The fairytale version of the story would go that he was plucked from the shop doorway to stardom, a bit like Hansard in the Oscar-winning Irish film Once, but Kennedy’s break actually came in a more modern way that even he struggles to explain.
“It was an algorithmic thing,” he says. He wrote a low-key love ballad on the piano, called it An Evening I Will Not Forget and put it on Spotify in 2015. “I put it up just by itself and thought, I can’t lose, because it’s only one song and whoever hears it hears it. I’m proud of it either way.” Somehow – and he still isn’t sure whether it was a human or a computer that did it – the song ended up a part of Discover Weekly, Spotify’s individually tailored playlist which offers a listener new songs based on the genres they’ve played a lot in the past.
He did a London gig around that time in Dalston’s tiny Servant Jazz Quarters, and a few audience members came up to him afterwards saying they’d come along because they’d heard his song on Spotify the same day. “I went online to check my plays and I’d got, like, fifty thousand that day. It had gone from there to THERE on the graph. Since then it’s just kind of kept going up.” On an album-length Spotify collection of songs he has released before his album, each of the 12 tracks is currently on well over 10 million streams, with the bombastic Power Over Me on 110 million. Taylor Swift putting his bare-boned slowie Boston on her personal playlist of songs she loves, in 2017, didn’t hurt either.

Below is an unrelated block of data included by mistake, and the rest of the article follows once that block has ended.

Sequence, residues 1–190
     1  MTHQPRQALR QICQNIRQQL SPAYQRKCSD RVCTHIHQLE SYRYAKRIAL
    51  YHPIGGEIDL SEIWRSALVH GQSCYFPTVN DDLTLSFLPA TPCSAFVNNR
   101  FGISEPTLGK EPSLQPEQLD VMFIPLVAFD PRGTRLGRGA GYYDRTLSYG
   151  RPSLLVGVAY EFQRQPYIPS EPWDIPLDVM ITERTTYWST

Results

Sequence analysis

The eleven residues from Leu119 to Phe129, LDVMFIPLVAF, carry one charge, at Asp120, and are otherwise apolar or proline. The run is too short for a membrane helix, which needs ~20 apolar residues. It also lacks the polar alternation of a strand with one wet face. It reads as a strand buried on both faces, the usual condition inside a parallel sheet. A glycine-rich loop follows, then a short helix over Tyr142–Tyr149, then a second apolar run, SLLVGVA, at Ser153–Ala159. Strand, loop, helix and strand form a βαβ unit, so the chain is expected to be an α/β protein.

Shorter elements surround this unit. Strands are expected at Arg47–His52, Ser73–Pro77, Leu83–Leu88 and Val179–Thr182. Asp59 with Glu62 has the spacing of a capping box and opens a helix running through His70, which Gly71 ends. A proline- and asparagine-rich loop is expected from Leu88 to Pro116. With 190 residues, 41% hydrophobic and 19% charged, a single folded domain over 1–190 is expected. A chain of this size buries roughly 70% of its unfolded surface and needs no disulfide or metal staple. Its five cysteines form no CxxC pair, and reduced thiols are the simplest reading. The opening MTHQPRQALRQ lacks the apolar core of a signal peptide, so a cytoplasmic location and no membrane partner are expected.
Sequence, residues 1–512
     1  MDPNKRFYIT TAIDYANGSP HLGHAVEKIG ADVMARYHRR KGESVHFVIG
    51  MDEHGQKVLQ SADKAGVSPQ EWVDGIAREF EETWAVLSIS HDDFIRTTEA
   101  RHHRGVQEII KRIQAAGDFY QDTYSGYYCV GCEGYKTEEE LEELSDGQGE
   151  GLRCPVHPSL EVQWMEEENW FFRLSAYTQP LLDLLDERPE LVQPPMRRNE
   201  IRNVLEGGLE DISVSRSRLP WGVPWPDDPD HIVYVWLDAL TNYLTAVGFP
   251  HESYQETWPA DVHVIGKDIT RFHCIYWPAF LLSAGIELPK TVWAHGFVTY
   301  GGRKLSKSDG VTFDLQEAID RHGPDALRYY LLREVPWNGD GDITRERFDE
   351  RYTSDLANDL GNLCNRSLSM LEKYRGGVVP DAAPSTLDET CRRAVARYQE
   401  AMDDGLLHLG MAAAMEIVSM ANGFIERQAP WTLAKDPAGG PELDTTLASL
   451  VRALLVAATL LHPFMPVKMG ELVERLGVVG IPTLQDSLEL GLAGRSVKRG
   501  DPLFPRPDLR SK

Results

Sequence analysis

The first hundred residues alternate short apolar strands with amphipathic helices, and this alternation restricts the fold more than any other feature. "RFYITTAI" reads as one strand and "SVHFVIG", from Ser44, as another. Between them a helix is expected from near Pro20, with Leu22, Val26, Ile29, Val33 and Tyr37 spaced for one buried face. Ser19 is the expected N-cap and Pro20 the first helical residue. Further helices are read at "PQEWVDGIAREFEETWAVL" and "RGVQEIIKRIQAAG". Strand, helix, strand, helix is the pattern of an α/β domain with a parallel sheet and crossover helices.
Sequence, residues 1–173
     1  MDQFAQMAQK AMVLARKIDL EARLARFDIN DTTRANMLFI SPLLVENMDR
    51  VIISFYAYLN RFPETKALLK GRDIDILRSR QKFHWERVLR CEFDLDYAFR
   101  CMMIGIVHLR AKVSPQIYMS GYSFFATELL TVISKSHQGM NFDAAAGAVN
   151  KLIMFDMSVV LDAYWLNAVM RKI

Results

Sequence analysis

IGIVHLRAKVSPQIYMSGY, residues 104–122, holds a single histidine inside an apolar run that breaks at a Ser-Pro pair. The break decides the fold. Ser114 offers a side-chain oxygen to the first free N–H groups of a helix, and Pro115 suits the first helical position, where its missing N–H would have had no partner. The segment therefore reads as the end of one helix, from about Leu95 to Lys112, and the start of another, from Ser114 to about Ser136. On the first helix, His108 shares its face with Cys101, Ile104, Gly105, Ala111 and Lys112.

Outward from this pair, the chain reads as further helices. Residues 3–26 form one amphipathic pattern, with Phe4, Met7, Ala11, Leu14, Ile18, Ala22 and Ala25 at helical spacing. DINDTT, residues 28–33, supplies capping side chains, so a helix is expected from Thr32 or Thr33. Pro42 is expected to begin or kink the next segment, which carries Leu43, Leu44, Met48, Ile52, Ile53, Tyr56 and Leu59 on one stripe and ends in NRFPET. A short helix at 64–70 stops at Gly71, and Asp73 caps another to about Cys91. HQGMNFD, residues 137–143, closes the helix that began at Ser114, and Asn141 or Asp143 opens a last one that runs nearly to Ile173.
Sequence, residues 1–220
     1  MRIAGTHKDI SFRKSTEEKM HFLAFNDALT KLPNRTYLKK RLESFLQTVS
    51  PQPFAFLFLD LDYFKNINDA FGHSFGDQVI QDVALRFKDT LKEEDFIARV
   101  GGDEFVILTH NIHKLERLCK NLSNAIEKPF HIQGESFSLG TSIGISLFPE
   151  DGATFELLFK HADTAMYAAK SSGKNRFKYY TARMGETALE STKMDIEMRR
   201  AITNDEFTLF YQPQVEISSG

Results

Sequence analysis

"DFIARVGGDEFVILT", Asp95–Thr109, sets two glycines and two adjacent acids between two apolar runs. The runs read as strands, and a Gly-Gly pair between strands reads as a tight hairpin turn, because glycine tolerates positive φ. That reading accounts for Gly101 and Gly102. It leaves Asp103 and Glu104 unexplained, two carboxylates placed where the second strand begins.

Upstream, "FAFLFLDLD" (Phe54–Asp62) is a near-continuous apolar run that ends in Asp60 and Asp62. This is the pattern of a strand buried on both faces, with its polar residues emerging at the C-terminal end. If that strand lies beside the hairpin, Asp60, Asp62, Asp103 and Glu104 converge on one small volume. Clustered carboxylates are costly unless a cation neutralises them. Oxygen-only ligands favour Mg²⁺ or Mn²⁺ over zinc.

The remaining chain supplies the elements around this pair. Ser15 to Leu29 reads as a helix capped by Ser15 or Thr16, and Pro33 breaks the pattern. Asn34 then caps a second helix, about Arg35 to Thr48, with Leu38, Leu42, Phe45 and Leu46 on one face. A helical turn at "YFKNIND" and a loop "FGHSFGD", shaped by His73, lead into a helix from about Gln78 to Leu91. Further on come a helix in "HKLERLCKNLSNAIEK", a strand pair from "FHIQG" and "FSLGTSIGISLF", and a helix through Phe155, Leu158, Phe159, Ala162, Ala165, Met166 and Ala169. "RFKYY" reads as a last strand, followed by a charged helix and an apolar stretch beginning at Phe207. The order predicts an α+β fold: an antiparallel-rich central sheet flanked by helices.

We hear a lot about how the pittance Spotify is supposed to pay to musicians, but according to Kennedy, who had no record deal or management at the time and owned his own master recordings, the streaming service was giving him enough cash to finance his early career. “Their support was priceless for me. Everything I put out after that started getting a lot of plays, and whatever money was being made was all going to me,” he says. “Obviously nothing major, but it’s not bad, don’t get me wrong. The reason I signed a record deal in the end was because touring is so expensive. But it allowed me to forego doing a deal for a long time, and when I did, I was really in charge of the negotiations because I had done so much already and built my fanbase.”